1 Geothermal Development in Tanzania A Country Update Taramaeli T. Mnjokava Geological Survey of Tanzania P. O. Box 903, Dodoma, Tanzania Keywords: Geothermal resources, Ngozi area, hot springs. ABSTRACT Tanzania is endowed with a huge geothermal potential which has not yet been used, and has only been explored to a limited extend. Geothermal power is a reliable, low-cost, environmental friendly, alternative energy supply and an indigenous, renewable energy source, suitable for electricity generation. The total installation capacity is 1320 MW using hydro, gas and thermal. Currently, the national power system mostly relies on hydropower. A long period of drought between 3 and 6 as well as 9 and 2010 lead to shortfalls in electricity supply from the hydropower stations; thus, the government of Tanzania intends to diversify the country s energy mix and is looking for alternative sources of energy. The country power generation potential consists of hydro power, Heavy Fuel Oil (HFO), coal, wind energy, solar, sea waves, natural gas, geothermal and biomass. Most of the geothermal sites already identified with hot springs are located in areas transacted by the East African Rift System. Such areas include the northern volcanic provinces of Kilimanjaro, Meru and Ngorongoro and the Rungwe Volcanic Province in southwest Tanzania. In addition, some coastal areas also show surface manifestations of geothermal resources. detailed studies of hot springs and geothermal sites have been carried out since 1949; some of these early studies in geothermal sites included measurements of surface temperature, water and gas flow as well as water and gas analyses of the hot springs. These studies on geothermal energy provide basic information for planning current geothermal projects. In 6 and 7, the Ministry of Energy and Minerals (MEM); the Division of Energy in collaboration with the Geological Survey Tanzania (GST) and the Federal Institute for Geosciences and Natural Resources (BGR) of Germany carried out geological, geochemical and geophysical investigations to assess the geothermal prospects as well as to locate a hydrothermal system and potential geothermal reservoirs. The results from the electromagnetic surveys (TEM, MT) conducted, show zones of low resistivity in the Ngozi area, which can possibly be correlated to alteration zones caused by geothermal activity and in turn indicate a potential geothermal reservoir (GEOTHERM, 6). Further geophysical work was done in 2010 as a continuation of GEOTHERM INTRODUCTION Tanzania is one of the East African countries with characteristics of geothermal energy resources. Most of the identified hot spring sites are located in areas transacted by the East African Rift System (Figure 1). Such areas include the northern volcanic provinces of Kilimanjaro, Meru and Ngorongoro and the Rungwe Volcanic Province in southwest Tanzania (Figure 2). In addition, some coastal areas show geothermal surface manifestations. Hot springs have been mapped in the Rufiji Basin, south of Dar -es Salaam, Kisaki area in Morogoro and to the north in the Tanga. The hot springs in the coastal sedimentary basin are attributed to rifting and intrusions. Figure 1: East African Rift System in Tanzania. FIGURE 2: Geothermal sites in Tanzania detailed studies on geothermal energy have provided basic information for planning current geothermal projects. Existence of thermal energy is indicated by the presence of hot springs, volcanic activities and geological structures. Hochstein et al. (0) argue that the geothermal resources of Tanzania appear to be rather small and limited in terms of existing technology. Estimates by McNitt (1982-UNDP), concluded by analogy method, indicate that the geothermal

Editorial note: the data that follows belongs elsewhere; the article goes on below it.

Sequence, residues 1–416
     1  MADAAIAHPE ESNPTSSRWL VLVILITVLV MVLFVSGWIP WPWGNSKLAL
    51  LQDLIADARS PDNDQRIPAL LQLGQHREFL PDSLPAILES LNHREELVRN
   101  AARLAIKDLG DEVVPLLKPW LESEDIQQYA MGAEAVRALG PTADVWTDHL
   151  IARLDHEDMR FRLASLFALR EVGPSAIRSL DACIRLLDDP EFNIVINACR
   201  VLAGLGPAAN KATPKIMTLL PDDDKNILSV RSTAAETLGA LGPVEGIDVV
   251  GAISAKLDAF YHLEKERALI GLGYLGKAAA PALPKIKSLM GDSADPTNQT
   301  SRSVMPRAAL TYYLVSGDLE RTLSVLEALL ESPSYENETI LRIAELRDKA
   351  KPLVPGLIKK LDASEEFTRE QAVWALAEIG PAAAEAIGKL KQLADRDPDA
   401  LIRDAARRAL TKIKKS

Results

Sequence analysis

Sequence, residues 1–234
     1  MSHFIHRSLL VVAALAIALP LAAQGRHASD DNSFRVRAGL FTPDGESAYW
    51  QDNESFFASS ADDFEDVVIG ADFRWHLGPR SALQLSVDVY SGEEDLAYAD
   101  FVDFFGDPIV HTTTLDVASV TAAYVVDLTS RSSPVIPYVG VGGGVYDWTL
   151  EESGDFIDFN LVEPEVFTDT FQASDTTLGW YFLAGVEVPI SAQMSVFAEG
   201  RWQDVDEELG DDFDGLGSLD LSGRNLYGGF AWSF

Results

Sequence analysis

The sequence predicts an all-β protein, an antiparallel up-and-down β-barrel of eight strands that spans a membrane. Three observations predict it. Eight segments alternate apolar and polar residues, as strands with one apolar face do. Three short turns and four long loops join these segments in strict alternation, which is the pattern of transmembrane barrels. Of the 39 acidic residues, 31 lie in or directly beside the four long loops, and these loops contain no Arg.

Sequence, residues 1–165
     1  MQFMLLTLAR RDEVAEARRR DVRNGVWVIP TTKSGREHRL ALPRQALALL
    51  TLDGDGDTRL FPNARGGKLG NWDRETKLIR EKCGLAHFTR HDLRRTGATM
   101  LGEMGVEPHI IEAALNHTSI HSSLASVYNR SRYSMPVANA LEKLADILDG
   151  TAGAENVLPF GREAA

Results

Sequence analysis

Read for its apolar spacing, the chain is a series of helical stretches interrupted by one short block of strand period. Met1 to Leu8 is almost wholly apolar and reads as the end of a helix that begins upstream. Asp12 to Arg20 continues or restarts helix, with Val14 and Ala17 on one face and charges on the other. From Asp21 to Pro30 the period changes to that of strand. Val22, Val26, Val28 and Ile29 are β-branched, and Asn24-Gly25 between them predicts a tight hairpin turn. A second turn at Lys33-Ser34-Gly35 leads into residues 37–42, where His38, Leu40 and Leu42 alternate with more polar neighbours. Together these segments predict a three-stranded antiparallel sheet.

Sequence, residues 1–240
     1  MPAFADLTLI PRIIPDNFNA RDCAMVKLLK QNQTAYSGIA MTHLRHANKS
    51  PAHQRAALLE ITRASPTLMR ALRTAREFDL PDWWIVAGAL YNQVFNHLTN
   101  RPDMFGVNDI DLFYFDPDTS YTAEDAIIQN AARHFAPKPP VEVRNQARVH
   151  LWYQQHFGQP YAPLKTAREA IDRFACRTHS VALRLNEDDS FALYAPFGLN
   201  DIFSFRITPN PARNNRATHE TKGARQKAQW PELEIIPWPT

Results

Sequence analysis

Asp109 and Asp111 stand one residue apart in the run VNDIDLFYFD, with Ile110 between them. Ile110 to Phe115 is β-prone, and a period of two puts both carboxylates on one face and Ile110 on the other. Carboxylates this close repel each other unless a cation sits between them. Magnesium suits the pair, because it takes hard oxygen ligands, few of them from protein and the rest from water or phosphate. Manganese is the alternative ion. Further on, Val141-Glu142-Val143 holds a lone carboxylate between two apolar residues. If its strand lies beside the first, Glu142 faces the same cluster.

2 potential of Tanzania could be as high as 650 MW. Based on this result, the potential was refined to be in the order of 140 MW to 380 MW. This value is based on the natural heat flow discharge from hot springs. Provided that geothermal reservoirs do exist, the potential could be even higher. The challenge is to locate the present reservoirs by integrating the geophysical, geochemical and geological techniques. Despite the fact that Tanzania has an estimated geothermal energy potential; it has not been given due attention in the energy policy of Tanzania until recently, (UNEP, 3). The geothermal energy (as an alternative energy source for Tanzania) project conducted by MEM, GST and BGR in May and November 6, and also further work in August 2010 at Ngozi area give promising results for further surveys which might lead to the location of geothermal reservoirs. The demand for electrical energy which is solely dependant on hydropower, gasoline and gas turbines has been increasing since its first production in 1908 by Germany for railway workshops in the Tanganyika territory. The country experiences long periods of droughts, rising imported oil prices and sedimentary infilling of dams, which hamper its energy security. While it is in an energy crisis, Tanzania is endowed with abundant, inexhaustible and less polluting geothermal potential, which has not yet been explored. In 2, about 11% of 34.6 Million people had access to reliable electricity (http://www.tanzania.go.tz/energyf.html). The forecast of the energy peak demand is estimated to increase from 2,540 GWh in year 0 to 11,548 GWh in year 2026 with a growth from 426 MW in year 0 to 727 MW in year 5 and to 1,994 MW in year In order to overcome the rate of increased demand, a total of 1,053 MW will be required between 2 and 2021 (Mwihava et al, 4). DECON, SWECO and Inter-Consult (5) suggest that geothermal energy amongst others, as an indigenous, environmental friendly, renewable energy source, is suitable for future electricity supply. 2. STATUS OF ELECTRIC PRODUCTION. The organization responsible for electricity generation, transmission and distribution in Tanzania is known as TANESCO (Tanzania Electric Supply Company). The company is wholly government-owned and is responsible for 98 % of the country s electricity supply. The country s power generation system encompasses the use of hydro, thermal and gas power. Hydropower contributes the most to Tanzania s electrical power generation. The total capacity of hydropower generation is 561 MW. Tanzania s interconnected grid system has an installed capacity of 1320MW. The largest hydropower complexes are the Mtera and Kidatu Dams and they are situated on the Great Ruaha River. The Mtera Dam is the most important reservoir in the power system providing over-year storage capability. It also regulates the outflows to maintain the water level for the downstream Kidatu Hydropower Plant. Thermal generation in Tanzania currently relies on imported Heavy Fuel Oil (HFO), Jet A (aviation) fuel and diesel. The installed capacity of the thermal power facilities are: the Tegeta power station which is privately owned and operated by Independent Power Tanzania Limited (IPTL), the Ubungo power station, was owned by TANESCO, but, operated by Songas until its privatization in June 4. Tanzania also has other thermal generation in isolated areas that are not connected to the grid. It also imports electric power for Kagera Region from Masaka substation in Uganda while Sumbawanga, Tunduma and Mbozi districts receive about 3 MW from neighbouring Zambia. Bulk supply of electricity is made to Zanzibar from Ras Kilomoni substation at the Indian Ocean coast in Dar es Salaam. There are several diesel generating stations connected to the national grid in Dar es Salaam, Mwanza, Tabora, Dodoma, Musoma and. Some s, districts and townships are dependent on isolated diesel - run generators (Kigoma, Mtwara, Lindi, Njombe, Mafia, Mpanda, Tunduru, Songea, Liwale, Ikwiriri, Masasi and Kilwa Masoko. Majority of the population that receives electricity live in urban areas. The country faces a major challenge of providing 90% of the remaining population with access to electricity. This requires huge investments, hence the need for both international and local investors to participate in expanding the country s power sector. As the country is becoming more and more focused on providing electrical power, the need for new capacity is increasing rapidly. The country power generation potential consists of hydro power, coal, wind energy, solar, geothermal and biomass, but until today no electricity generation is from geothermal source. There are a number of projects that the country is pursuing in order to maximize its electrical power supply, among which geothermal energy is being considered. 3. GEOTHERMAL EXPLORATION 3.1 Geothermal studies in Tanzania. detailed studies of hot springs and geothermal sites have been carried out since Some of these early studies are referenced in Walker (1969). A detailed overview and table including the location, temperature, water and gas flow as well as water and gas analyses of the hot springs in Tanzania has been given in the studies carried out. However, the geothermal resource assessment in Tanzania is still limited to preliminary surface studies. These studies on geothermal energy provide basic information on planning current geothermal projects. Between the years 1976 and 1979 geothermal exploration was carried out under the direction of SWECO, a Swedish consultant group, in cooperation with VIRKIR, Iceland. Financial support was provided by the Swedish International Development Cooperation Agency (SIDA). The objective of the reconnaissance studies was to study the possibility of exploiting geothermal recourses in Tanzania. For this purpose, 50 hot springs mainly in northern Tanzania and in the have been investigated and terms of reference for future investigations elaborated (SWECO 1978). The study included measurement of surface temperatures of hot springs. Tests conducted have indicated high temperature sources in Manyara, Ngorongoro Crater and the, while lower temperatures were recorded around Eyasi, and the Musoma area (Maji Moto). Based on this study, SWECO recommended further studies on hot springs occurring in the Rungwe Volcanic Province in the, Ngorongoro, and Manyara which appeared to have higher subsurface temperatures compared to the others. The results of the reconnaissance survey carried out by the Swedish Consultant Group (SWECO-VIRKIR, 1978) were favourable, indicating a good possibility of encountering high, intermediate and low temperature reservoirs, in northern and southern Tanzania within the Neogine volcanic areas in the East African rift system.